Posts Tagged: Faulkner
For the New York Times’s Bookends column, Thomas Mallon and Leslie Jamison muse on the books that best capture the intricate and fraught relationships between siblings:
That’s what I felt Faulkner intuited about siblings: that there were all sorts of gaps and harms and distances that might befall them, that they might inflict on each other, but that they loved each other anyway.
Sometimes we bypass the classic novels on the way to the rich offering of current literary fiction. Fair enough; there is so much to love in today’s fiction. But once in a while, dust off a classic gem and consider the language, the depth, the metaphorical heft these books carry—along with being engrossing, powerful reads....more
Over at The Toast, Rebecca Turkewitz writes about the intersections between literary geography and the real, from Joyce’s Dublin and Tolkien’s Middle Europe to Faulkner’s Mississippi and Munro’s Ontario—how we explore these places by walking through pages, and how they map to our homes and street corners....more
If it seems that “lost” books, short stories, and everything else are coming out of the woodwork, well, they are. The Strand magazine has just published Twixt Cup and Lip, an early play by William Faulkner written in the 1920s:
The Strand describes the play as “a light-hearted jazz age story.” Prohibition is under way, and the friends are enjoying an illicit drink.
Richard Grant discusses how his time living in Mississippi provided him with a more full understanding of William Faulkner’s language. Despite studying Faulkner at school in England, Grant felt that it wasn’t until he moved that he was able to totally appreciate Faulkner’s work:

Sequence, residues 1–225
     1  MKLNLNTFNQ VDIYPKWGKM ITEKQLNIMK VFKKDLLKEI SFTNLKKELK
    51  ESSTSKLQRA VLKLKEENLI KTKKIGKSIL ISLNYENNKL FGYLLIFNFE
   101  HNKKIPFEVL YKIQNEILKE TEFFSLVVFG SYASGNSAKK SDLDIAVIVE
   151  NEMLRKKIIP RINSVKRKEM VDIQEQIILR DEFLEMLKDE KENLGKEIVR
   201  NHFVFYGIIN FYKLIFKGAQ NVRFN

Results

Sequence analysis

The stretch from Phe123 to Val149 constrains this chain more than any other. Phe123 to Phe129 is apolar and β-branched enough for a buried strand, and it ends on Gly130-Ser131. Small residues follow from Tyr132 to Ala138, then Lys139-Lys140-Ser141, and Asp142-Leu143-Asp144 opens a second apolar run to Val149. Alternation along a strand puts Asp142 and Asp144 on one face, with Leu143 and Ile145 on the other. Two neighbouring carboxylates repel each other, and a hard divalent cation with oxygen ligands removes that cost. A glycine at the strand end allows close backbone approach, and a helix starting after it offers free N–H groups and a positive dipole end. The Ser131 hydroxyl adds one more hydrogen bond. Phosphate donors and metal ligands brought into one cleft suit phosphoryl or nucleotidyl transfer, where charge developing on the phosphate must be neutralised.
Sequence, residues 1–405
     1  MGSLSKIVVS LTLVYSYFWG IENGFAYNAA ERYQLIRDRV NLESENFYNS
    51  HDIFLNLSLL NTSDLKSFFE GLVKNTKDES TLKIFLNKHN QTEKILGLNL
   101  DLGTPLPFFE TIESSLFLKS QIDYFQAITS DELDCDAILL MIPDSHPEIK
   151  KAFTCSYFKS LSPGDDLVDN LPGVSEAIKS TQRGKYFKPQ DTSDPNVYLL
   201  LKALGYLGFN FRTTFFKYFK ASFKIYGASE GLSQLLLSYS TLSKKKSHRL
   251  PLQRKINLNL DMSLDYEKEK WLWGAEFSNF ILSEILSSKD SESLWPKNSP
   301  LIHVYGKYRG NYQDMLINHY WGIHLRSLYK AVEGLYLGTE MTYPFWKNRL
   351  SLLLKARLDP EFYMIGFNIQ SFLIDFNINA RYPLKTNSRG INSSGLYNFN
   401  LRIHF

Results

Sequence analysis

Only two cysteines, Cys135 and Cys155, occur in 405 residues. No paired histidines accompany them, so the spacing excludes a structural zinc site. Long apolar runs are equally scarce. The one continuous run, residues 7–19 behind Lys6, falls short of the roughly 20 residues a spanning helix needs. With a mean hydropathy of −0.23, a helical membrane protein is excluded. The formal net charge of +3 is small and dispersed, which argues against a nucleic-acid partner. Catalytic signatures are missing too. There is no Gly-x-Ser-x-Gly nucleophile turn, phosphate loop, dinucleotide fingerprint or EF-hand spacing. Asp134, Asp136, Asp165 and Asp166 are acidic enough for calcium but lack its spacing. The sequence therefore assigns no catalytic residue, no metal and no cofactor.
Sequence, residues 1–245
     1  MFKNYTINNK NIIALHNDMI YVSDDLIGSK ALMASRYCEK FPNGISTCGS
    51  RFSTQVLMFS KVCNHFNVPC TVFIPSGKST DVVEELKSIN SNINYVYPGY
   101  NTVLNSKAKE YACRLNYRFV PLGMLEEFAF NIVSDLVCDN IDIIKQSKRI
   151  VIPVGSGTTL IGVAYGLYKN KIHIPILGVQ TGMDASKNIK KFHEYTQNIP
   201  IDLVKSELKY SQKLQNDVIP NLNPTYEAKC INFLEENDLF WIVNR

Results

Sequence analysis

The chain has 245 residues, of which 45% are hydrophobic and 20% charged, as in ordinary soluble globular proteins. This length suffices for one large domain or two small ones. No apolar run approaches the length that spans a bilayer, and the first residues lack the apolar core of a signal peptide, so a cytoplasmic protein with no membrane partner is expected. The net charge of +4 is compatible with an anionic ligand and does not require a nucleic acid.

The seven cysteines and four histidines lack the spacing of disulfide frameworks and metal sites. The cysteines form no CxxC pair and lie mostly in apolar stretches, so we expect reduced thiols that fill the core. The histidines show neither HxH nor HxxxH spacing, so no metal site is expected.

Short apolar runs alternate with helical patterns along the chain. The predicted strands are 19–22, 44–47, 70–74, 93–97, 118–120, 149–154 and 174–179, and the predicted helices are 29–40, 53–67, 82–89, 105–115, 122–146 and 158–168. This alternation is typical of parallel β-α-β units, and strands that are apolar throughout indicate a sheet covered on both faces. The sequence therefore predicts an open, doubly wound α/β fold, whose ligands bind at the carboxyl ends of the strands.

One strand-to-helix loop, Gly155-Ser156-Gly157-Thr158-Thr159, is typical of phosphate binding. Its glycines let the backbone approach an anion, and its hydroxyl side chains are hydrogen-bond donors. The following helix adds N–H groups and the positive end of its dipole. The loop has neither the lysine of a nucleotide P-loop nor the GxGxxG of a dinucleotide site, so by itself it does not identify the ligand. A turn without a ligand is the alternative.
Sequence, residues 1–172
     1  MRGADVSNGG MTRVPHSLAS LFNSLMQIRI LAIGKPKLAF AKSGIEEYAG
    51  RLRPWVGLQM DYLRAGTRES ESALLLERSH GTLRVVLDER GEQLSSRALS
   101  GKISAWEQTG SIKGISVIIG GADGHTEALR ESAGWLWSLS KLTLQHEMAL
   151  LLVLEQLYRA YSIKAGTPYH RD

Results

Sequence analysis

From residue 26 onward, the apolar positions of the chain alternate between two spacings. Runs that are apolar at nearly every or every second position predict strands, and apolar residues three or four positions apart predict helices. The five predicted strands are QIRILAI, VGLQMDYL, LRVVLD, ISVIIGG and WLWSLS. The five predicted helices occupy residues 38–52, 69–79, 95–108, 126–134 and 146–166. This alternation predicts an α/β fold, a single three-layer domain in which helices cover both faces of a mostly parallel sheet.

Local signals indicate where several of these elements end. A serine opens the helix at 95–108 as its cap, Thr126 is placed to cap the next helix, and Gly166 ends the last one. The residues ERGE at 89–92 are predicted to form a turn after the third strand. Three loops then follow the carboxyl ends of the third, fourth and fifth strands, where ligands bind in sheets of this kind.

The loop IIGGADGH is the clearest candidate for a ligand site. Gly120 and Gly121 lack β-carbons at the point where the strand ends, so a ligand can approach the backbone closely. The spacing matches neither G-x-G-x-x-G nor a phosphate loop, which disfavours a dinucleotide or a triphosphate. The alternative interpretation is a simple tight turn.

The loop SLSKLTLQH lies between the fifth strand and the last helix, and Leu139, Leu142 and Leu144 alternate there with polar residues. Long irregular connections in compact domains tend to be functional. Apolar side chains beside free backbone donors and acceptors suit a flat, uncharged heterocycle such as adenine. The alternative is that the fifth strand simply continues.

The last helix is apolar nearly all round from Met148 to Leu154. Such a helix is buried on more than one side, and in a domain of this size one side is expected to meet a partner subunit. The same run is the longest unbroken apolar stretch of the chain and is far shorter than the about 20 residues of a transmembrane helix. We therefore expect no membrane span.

To sit on the old porch reading Mr.
Over at The Nervous Breakdown, Elise Sherman explores her literary roots in a self interview that touches on the South, her neo-Faulknerian tendencies, and the difference between New Orleans and the rest of the world....more
The roguish, hard-drinking novelist is a beloved American archetype, but one the State Department took extra care to control as an international ambassador, according to recently released documents on William Faulkner. Since the author couldn’t be counted on to responsibly manage his own drinking, the US Information Agency put together careful guidelines for a successful trip, including supervision, accommodations, and tricks to keep Faulkner’s attention....more
Reading is solitary and personal, but you aren’t necessarily alone in it. In some ways, we are all reading together; even if we are also reading alone.
I’m not sure whether Lila is a stand-in for Christ, but it is clear to me that Robinson has written a character, a new kind of idiot, who is as impressive as Prince Myshkin from The Idiot or Benjy from The Sound and the Fury.
Fitzgerald was undone by his screenwriting-is-writing mistake. It’s a notion that has its basis in artistic form.
Check out Joseph Entin’s even-handed review of James Franco’s movie adaptation of “As I Lay Dying” at LARB.
Franco has tackled the über-challenging multi-perspective modernist piece where others demurred, and has come away with something worthy of examination, particularly by those already familiar with the original literary work....more
Seth Fried’s debut collection The Great Frustration mixes and matches his gonzo hijinx with a deft emotional darkness....more
When Faulkner addressed English classes at the University of Mississippi in 1947, he offered some interesting advice (there is always time for writing, it’s not good to wait when feeling inspired, the peak age for fiction writing is 35-45, etc.). Supplementing his literary guidance was some personal history and sharp opinions (he wrote Sanctuary because he needed money, prefers Florida to Hollywood, women and rich people have optimal conditions for getting reading done)....more